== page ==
One of the lessons I’ve learned when I started selling things (some time ago), is that you need to encourage your clients to show they’re serious, just like they expect you. Being serious means they can spend money.
So, how do you reconcile the constant requests for “free test translations” with the need to get some minimal commitment from the client?
When new (potential) clients approach us and ask for test translations, our goal is to build engagement. Engagement is a two-sided process. On our side, we do some work for free and on the client’s side, they evaluate this work, give feedback and would consider us for their translation work.
I’m thinking that we should have an official, published policy for test translations and I want your help to get it right.
How to Get Test Translations
In my opinion, the best way for giving test translations is from the project chat.
Clients invite translators to apply for their projects. This is already the beginning of a fruitful engagement. As translators, you need to spend time responding to these invitations, so translating a paragraph would not be any more effort.
We can encourage clients to send a test paragraph when interviewing translators. This would give clients what they want and would also give us what we need (direct interaction with the client).
Length of Test Translation
The second question is how long should test translations be? Of course, they need to be meaningful, but they shouldn’t turn into projects. And, we don’t want to be doing test translations the whole day. It’s supposed to show clients how we work, not do the whole job as a test.
What would you recommend for maximum test for test translations?
42 responses to “Our Policy on Test Translations”
usually, in romania, clients send you about two pages of such test, which is quite unreasonable; and if you “dare” to tell them that it is too long and that you do not intend to do the whole translation of a document for free, they send it to someone else, who is so eager to get some work that they do it. for free. and they never get any feedback nor get translation jobs from those clients. it’s sad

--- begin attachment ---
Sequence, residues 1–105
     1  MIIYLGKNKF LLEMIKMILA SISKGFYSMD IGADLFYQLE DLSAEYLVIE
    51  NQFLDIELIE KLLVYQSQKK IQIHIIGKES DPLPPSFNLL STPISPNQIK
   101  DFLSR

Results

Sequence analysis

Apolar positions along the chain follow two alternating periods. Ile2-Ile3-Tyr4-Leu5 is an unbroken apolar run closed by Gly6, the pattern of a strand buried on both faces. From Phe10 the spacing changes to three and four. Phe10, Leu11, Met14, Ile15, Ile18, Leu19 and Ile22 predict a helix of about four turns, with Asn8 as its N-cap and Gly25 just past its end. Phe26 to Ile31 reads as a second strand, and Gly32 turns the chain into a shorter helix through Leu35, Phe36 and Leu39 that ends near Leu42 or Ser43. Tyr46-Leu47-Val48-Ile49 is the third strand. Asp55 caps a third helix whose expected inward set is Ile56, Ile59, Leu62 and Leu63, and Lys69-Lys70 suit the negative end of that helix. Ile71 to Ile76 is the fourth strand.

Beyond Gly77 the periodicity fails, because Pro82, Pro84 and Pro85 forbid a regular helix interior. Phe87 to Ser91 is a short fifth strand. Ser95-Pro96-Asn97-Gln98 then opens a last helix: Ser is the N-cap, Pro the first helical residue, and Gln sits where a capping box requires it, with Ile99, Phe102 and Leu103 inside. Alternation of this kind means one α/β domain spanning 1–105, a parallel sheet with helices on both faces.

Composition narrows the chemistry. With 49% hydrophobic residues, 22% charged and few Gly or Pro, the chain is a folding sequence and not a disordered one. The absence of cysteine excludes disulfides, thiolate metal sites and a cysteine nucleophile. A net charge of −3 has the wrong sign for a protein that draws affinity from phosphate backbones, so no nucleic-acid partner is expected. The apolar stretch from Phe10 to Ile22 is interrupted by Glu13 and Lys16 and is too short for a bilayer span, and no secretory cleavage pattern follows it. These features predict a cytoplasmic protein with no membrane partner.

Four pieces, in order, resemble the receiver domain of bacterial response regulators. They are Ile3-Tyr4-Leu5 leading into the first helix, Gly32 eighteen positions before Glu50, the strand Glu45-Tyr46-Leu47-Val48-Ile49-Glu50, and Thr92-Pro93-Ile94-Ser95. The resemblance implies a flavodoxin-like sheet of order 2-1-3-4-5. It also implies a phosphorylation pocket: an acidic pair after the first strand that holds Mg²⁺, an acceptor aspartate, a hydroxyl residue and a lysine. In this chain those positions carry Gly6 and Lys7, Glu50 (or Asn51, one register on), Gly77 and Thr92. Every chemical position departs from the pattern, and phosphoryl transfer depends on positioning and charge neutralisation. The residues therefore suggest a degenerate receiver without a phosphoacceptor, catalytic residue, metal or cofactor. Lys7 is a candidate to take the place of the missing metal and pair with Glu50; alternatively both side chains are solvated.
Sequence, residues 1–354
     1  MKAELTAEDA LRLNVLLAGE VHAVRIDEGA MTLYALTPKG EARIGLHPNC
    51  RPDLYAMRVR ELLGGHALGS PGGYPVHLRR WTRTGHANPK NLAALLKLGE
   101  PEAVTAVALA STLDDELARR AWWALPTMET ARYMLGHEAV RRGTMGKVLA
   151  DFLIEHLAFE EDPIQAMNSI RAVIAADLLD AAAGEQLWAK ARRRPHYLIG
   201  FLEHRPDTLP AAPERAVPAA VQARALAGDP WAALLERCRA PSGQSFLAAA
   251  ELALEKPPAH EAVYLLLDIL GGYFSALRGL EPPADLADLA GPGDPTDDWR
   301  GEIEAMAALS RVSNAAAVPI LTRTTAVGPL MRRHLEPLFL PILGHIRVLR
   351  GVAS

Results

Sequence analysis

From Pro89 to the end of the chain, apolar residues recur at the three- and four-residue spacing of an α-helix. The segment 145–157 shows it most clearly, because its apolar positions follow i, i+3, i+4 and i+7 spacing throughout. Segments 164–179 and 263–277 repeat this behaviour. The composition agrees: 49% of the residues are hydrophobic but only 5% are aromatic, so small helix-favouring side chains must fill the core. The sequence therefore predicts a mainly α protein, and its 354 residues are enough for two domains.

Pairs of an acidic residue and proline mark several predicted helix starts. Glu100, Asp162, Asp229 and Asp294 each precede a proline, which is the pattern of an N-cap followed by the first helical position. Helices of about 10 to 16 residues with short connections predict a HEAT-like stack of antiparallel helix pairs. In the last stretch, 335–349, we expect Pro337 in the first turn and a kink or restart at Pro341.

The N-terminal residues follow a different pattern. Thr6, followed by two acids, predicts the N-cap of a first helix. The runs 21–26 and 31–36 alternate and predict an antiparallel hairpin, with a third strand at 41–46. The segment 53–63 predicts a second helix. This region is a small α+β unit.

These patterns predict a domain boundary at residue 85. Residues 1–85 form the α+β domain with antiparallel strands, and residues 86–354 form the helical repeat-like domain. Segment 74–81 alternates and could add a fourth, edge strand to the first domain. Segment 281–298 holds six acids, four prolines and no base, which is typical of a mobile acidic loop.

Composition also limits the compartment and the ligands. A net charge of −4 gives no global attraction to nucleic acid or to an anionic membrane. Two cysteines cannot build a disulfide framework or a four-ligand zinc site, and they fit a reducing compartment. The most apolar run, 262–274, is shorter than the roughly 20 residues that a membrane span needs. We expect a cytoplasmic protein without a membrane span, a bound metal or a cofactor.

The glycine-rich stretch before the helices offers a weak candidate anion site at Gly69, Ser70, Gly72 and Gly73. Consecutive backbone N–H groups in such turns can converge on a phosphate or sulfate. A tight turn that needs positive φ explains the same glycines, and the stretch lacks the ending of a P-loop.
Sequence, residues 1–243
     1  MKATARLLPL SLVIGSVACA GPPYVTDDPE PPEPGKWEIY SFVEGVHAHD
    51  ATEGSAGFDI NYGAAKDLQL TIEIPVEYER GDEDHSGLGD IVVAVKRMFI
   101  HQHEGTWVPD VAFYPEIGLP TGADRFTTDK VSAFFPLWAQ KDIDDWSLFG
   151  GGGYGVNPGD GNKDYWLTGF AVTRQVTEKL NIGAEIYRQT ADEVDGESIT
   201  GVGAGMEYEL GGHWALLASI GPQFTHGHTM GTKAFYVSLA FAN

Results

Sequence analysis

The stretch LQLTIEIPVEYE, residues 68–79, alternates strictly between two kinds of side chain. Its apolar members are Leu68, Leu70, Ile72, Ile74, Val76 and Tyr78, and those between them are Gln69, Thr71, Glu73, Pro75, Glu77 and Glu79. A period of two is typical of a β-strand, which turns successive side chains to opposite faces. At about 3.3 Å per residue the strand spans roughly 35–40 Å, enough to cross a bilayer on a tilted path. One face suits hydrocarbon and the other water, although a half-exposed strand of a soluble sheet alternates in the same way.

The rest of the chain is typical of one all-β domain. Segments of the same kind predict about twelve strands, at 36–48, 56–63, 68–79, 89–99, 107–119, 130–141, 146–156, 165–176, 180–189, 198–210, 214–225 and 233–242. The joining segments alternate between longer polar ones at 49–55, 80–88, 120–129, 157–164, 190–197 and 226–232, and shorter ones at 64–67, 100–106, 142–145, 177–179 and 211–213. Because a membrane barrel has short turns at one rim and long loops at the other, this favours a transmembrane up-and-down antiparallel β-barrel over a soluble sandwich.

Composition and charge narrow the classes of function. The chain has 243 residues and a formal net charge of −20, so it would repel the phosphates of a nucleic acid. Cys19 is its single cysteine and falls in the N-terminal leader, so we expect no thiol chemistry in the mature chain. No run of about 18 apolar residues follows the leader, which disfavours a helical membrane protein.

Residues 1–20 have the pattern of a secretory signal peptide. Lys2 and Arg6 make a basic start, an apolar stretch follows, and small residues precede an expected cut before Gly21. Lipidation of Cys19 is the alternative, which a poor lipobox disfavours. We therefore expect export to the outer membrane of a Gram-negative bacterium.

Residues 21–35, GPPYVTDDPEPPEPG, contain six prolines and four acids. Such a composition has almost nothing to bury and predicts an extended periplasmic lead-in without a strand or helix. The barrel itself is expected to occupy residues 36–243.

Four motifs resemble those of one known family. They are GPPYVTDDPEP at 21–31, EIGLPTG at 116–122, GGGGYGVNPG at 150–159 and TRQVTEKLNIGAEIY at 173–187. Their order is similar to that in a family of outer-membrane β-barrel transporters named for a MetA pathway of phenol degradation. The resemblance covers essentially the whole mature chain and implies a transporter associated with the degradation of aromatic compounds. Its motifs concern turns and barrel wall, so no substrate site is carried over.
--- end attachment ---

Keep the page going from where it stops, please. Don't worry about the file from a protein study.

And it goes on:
Well, that’s exactly the situation I’m trying to avoid here. In your opinion, what is reasonable length for test translation?
In answer to the first question; when I first started doing translation work I was often asked to do a ‘test’ translation for customers/clients. I had read somewhere that this never lead to anything, and that these people were just fishing for some free work. Nothing could be further from the truth. Almost every time I have done a test, it has lead to serious work. I totally agree that doing a sample translation is a great idea; it gives the translator the opportunity to show off their work, and the customer a chance to judge the quality of their translation skills.
In answer to the second question; I think that in the case of ICL, I would be willing to take a test translation of up to 300 source words. I think most of us can work through 300 words quite quickly, and I like to think that people looking for a smaple are generally honestly looking for a good translator, and not out to trick us.